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300 blows

short post today; i’ave got another busy travel week, and another early a.m. departure (behind the wheel this time). for those of you who went to bed at a decent hour, the cardinals won 8-2 last night behind 4 home runs --- 2 by pujols, 1 by ludwick, and 1 by (who else?) cesar izturis. that’s right, iz2 went yard at petco --- a powerful 335-foot clout that sheared open a new hole in the ozone layer. it’s the first 4-homer game by a visiting team at petco since . . . . (processing) . . . . . aw, since not that long ago. the astros whacked 4 over the wall at petco in the second game of this season --- and one of them was a game-winning 3-run job by lance berkman. but prior to that it hadn’t been done since july 2006.

albert’s 2 homers were nos. 292 and 293 in his career; he ought to reach 300 sometime next month. when he does he’ll become only the 2d player to hit 300 hrs in a cardinal uniform, joining that guy they held a day for in busch 3 on sunday. and he’ll become only the 4th player who broke in with the cardinals to reach 300 career home runs, joining The Man and which two other players? and to make it a little more challenging: when albert gets to 300, he’ll become the 117th man to reach that threshold. 17 of those players (including pujols) hit at least one home run for the cardinals. can you name all 17?

izturis’s homer, for those who are wondering, was no. 12 of his career. . . .

ludwick now has 8 homers in may. anybody know what the frachise record for homers in may is? i’ve spent 10 minutes looking for it and can’t come up w/ a definitive answer. the probable answer is mark mcgwire 1998 ---- 16 may homers, en route to 70 for the season. big mac also hit 13 in may 2000; pujols hit 11 in may 2006. the latter would be a good target for ludwick. . . . he’s now tied w/ berkman and soriano for 3d place in homers this month; dan uggla has 9, and ryan braun has 10.

i’m outta time, i gotta run. right before the series i exchanged e-mails with geoff young, one of the very best baseball bloggers in the country, who writes at Ducksnorts; i spaced out putting up a link yesterday, so here it is now, my answers to his questions (which included a vincent price shout-out). and here are geoff’s answers to my questions about the padres:

1. Is the San Diego offense really this bad? What glimmer(s) of hope do you see that suggest they might start scoring some runs?
Well, it shouldn't be this bad, but I'm starting to think it might be. Everyone except Adrian Gonzalez and Brian Giles is hitting well below career norms. Josh Bard and Khalil Greene have seen their offensive games go into the tank for no obvious reason; Kevin Kouzmanoff is finding his second trip around the league a little more difficult; Scott Hairston has forgotten the difference between balls and strikes; and of course, the Jim Edmonds experiment turned out to be a disaster. The glimmer of hope, I guess, is a belief in regression to the mean. I can't accept that Bard and Greene, who are (or should be) in their primes, are this bad. I don't see any reason for Greene to hit like Jeff Blauser or Jay Bell at age 27 and Rey Ordonez at age 28. There's just no room for that in my view of the way things work in this world.

2. Did the front office blow it this off-season? What personnel moves could / should they have made?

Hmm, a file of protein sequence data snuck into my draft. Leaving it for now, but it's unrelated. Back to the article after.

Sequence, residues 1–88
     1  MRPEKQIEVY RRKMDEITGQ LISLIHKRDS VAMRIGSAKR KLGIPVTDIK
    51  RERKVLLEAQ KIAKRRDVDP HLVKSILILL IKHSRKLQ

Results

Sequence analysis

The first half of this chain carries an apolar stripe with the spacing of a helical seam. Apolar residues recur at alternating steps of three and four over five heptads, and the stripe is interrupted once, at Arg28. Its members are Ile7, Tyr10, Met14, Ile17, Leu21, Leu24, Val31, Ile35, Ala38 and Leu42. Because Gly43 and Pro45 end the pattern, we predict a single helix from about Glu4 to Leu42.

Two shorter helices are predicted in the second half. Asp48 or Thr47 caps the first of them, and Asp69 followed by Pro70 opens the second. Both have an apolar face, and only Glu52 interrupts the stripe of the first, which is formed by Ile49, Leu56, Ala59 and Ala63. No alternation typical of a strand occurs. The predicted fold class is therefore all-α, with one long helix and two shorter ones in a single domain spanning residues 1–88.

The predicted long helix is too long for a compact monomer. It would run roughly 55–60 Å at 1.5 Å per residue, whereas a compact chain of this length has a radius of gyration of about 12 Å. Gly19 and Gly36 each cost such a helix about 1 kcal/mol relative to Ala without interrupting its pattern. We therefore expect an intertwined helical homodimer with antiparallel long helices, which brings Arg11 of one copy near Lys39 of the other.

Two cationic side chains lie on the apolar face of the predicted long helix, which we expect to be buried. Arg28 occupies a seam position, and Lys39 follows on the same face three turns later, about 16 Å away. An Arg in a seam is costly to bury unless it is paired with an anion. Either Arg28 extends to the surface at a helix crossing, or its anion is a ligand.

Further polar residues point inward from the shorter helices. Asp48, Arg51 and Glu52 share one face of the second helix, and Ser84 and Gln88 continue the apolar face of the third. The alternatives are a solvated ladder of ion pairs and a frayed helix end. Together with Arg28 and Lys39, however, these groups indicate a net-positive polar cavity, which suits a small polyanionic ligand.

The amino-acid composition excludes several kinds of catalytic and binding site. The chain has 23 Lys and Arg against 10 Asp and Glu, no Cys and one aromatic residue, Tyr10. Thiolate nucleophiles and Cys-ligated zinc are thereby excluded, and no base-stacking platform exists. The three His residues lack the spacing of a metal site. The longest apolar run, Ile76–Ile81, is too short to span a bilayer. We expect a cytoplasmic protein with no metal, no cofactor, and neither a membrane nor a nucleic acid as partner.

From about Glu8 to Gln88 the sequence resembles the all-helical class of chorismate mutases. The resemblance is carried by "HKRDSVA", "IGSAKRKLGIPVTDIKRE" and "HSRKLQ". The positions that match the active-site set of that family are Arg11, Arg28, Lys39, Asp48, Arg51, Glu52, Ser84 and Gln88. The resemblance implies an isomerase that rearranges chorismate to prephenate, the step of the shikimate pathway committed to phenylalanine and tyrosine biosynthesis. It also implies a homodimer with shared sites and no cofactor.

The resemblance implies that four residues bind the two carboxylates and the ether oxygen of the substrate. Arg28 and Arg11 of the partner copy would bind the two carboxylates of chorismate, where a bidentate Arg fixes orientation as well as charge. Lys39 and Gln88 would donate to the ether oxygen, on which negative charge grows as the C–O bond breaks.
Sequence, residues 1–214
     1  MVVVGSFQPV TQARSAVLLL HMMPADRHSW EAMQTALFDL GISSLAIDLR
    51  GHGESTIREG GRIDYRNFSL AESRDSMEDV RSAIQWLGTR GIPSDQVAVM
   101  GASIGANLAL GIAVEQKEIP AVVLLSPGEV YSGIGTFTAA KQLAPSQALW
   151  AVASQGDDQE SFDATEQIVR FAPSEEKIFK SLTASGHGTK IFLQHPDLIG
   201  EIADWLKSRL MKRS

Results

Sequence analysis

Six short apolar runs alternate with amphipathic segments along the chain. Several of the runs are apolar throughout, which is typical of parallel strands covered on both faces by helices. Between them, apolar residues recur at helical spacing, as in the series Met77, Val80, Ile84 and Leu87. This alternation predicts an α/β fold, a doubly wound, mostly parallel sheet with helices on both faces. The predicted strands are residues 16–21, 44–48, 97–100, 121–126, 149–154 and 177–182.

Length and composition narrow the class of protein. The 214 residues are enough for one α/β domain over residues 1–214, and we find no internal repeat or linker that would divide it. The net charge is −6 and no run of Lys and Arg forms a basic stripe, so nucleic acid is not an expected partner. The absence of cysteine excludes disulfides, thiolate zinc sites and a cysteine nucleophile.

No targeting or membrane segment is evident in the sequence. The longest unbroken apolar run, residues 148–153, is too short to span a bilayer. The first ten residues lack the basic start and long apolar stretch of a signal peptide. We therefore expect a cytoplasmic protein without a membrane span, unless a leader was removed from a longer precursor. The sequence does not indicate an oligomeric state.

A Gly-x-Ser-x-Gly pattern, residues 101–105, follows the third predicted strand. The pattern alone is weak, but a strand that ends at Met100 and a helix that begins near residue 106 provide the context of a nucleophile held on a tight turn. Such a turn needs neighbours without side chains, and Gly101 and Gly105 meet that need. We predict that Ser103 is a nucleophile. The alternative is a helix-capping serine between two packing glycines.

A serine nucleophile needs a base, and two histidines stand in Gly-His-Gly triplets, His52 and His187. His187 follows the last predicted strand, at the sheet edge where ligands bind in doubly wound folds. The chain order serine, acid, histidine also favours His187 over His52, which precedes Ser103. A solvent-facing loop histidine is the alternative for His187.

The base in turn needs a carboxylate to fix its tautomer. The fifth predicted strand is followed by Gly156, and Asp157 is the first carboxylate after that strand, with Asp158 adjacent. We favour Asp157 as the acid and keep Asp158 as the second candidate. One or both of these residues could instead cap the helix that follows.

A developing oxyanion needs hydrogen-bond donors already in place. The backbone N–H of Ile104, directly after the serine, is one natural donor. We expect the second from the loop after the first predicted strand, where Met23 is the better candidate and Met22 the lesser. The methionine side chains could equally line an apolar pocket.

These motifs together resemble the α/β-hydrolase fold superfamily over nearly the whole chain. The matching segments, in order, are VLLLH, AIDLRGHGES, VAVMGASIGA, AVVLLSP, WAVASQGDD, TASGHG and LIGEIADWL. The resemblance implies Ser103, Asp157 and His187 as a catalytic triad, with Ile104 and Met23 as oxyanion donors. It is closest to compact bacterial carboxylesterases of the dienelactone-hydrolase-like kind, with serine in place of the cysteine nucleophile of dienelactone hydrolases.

Yes and no. I don't think anyone could have seen Bard and Greene's poor performance coming. And I still think bringing on Edmonds was a reasonable gamble. That said, it's a gamble that had a pretty good chance of not paying dividends, which means a contingency plan should have been in place. When the Padres finally cut bait on Edmonds, the backup plan was... Jody Gerut, a non-roster invitee who hadn't seen big-league action in more than two years. Gerut's actually done a good job since taking over in center, but the "plan" of falling back on him when Edmonds failed isn't befitting a team that fancies itself a contender. Beyond that, the club's infatuation with Glendon Rusch baffled me, as did its failure to procure a legitimate fifth starter (e.g., Livan Hernandez) despite the second-half meltdown of incumbent Justin Germano. How do you defend Shawn Estes in your rotation? I don't think you can.

3. To what extent do you attribute the early-season sluggishness to a hangover effect from the final weekend of last season?
Not at all, unless you consider the fact that Milton Bradley and Mike Cameron are no longer Padres part of that hangover effect. Even then, Bradley can barely play the field because of his knee and Cameron missed the first month of the season while sitting out a suspension, so I'm not sure how much of a difference they would have made.

4. Any help on the horizon at Triple A? There are some guys down there that can play, though I'm not sure how much of an immediate impact any of them will make. It's not like we've got Ryan Braun stashed away somewhere. Chase Headley is the big prospect, and he's been playing very well lately while learning the outfield. I imagine we'll probably see him up after the All-Star break, if not sooner. Brian Myrow can hit big-league pitching right now but he's 31 years old and defensively limited. The pitching at Portland has been dreadful. We might see Dirk Hayhurst (of Baseball America's "Non-Prospect Diary" fame) up at some point, but that's about it.

5. If the Pads become sellers at the trade deadline, will they be marketing anybody the Cardinals might want?
This is pure speculation on my part, but maybe Tadahito Iguchi or one of the veteran starters -- Randy Wolf or Greg Maddux? I could see Tony Clark becoming available if you're looking for a guy who can run into one every now and then. Honestly, though, I don't know that any team should pay much for these guys. With the possible exception of Maddux, none of them is a real difference maker. (Yes, I'm the world's worst salesman; thanks for noticing.)